On appeal, the Second Circuit vacated the convictions and dismissed the indictments. The court acknowledged that the Fifth Amendment’s Self-Incrimination Clause prohibits the use of compelled testimony in an American court, and reasoned that this prohibition applies even when a foreign government compels the testimony pursuant to its own laws. Notably, the court rejected DOJ’s argument that barring the use of such testimony “could seriously hamper the prosecution of criminal conduct that crosses international borders.” While recognizing that “so-called cross-border prosecutions have become more common,” and that DOJ has gone so far as to embed US prosecutors in foreign law enforcement agencies, the Second Circuit nevertheless ruled that the risk of error in such coordination must fall on the US authorities, rather than on the “subjects and targets” of the investigations.

Applying this principle, the Second Circuit held that DOJ’s reliance on Robson’s testimony was impermissible. US law prohibits law enforcement authorities from using compelled testimony or any evidence derived from such testimony. Despite DOJ’s efforts to conduct interviews independently, the court found that Robson’s testimony was tainted by his review of Allen’s and Conti’s compelled testimony—evidenced by the fact that there were material differences between Robson’s testimony to the FCA and that which was provided to the grand jury and later at trial. The court further found that Robson’s testimony was fundamental to securing the indictments and convictions and was thus not harmless error.

The Second Circuit’s decision in United States v. Allen will likely have a significant impact on cross-border investigations by making it more difficult for US law enforcement authorities to use evidence collected by their foreign counterparts. The decision will have a particular impact on investigations involving violations of the Foreign Corrupt Practices Act, where cross-border cooperation with foreign criminal authorities has been common. For instance, US authorities have had significant success cooperating with Brazilian and Swiss law enforcement authorities in their recent combined US$3.5 billion FCPA settlement with two Brazil-based corporations, Odebrecht and Braskem. Going forward, US law enforcement authorities must take care to ensure that any evidence from foreign authorities is not otherwise tainted by compelled testimony. In order to accomplish this objective, US law enforcement authorities may attempt to get involved earlier, rather than let foreign authorities, such as the FCA, conduct the investigations.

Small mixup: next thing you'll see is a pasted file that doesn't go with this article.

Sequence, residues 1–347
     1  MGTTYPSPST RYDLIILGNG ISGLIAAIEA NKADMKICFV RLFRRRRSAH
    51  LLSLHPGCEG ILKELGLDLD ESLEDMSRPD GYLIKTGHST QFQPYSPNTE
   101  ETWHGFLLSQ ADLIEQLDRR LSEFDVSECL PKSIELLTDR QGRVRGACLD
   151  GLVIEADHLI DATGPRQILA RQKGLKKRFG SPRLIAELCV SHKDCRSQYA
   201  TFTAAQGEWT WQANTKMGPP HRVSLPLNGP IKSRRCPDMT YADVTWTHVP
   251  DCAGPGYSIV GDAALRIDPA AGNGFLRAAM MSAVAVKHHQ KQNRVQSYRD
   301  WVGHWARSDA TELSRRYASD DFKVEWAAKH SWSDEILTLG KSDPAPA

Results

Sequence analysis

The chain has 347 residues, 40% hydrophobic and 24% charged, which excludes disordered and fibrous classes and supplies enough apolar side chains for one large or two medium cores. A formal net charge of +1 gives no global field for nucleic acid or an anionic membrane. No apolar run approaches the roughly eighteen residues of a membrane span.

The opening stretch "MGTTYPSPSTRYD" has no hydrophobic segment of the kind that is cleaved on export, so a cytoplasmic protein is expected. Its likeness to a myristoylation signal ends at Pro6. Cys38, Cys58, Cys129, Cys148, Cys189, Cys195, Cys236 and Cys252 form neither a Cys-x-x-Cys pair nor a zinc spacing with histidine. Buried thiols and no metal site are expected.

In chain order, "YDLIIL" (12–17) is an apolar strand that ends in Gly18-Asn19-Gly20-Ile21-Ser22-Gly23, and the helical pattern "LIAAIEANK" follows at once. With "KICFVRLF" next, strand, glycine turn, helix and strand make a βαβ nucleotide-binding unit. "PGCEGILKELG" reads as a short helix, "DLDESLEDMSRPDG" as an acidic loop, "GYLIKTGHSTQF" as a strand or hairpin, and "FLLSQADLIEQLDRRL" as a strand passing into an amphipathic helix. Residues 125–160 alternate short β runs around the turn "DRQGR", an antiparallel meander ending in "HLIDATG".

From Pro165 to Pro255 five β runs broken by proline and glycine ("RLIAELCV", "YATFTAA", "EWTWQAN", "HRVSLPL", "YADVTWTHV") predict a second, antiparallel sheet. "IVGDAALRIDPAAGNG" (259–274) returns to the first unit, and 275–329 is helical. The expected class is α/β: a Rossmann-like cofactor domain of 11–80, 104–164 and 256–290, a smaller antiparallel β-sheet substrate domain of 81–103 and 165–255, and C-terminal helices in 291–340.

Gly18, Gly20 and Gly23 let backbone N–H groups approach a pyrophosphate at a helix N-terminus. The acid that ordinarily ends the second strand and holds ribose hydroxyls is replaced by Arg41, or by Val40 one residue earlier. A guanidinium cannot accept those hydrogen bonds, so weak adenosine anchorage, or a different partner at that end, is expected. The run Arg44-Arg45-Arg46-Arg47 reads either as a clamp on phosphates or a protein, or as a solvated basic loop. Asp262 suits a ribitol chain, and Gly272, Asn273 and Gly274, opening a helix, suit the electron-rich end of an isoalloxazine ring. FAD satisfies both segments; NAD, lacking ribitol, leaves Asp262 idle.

Nevertheless, Allen provides defendants and defense counsel another avenue to explore in challenging potential prosecutions based on conduct subject to investigation by multiple law enforcement entities. The ruling in Allen is not limited to simply compelled testimony. It also extends to the fruits of all the illicit testimony. Types of evidence other than testimony—such as the identities of potential witnesses, the location of documents or other leads—might all be impermissibly obtained by US authorities, and therefore could all be subject to challenge. Allen’s potentially widespread application indicates that the case provides an invaluable new tool for defense counsel representing clients that could be subject to cross-border prosecutions.